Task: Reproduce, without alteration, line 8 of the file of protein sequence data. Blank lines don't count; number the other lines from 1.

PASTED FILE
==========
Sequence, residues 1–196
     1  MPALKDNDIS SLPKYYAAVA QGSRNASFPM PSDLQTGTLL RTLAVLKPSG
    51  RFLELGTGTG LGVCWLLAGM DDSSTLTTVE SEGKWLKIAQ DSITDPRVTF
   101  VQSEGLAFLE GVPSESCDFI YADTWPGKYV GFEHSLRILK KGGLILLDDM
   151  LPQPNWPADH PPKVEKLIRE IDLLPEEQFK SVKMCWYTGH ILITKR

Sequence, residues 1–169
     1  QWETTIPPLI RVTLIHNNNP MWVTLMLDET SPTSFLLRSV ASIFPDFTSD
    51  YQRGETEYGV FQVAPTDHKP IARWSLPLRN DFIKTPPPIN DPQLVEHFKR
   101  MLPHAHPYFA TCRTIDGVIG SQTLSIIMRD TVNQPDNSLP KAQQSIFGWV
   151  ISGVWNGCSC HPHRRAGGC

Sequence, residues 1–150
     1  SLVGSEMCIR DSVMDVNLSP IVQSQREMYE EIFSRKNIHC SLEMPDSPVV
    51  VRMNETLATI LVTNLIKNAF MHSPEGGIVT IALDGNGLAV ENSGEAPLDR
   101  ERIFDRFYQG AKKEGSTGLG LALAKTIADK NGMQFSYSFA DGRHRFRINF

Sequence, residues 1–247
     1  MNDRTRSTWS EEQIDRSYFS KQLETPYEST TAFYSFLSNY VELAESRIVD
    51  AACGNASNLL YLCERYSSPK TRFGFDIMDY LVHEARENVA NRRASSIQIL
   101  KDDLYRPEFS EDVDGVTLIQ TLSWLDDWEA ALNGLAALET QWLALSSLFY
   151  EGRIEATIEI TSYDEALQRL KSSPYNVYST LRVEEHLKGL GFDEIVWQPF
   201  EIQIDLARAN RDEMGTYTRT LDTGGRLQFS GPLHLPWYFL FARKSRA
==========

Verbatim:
    51  YQRGETEYGV FQVAPTDHKP IARWSLPLRN DFIKTPPPIN DPQLVEHFKR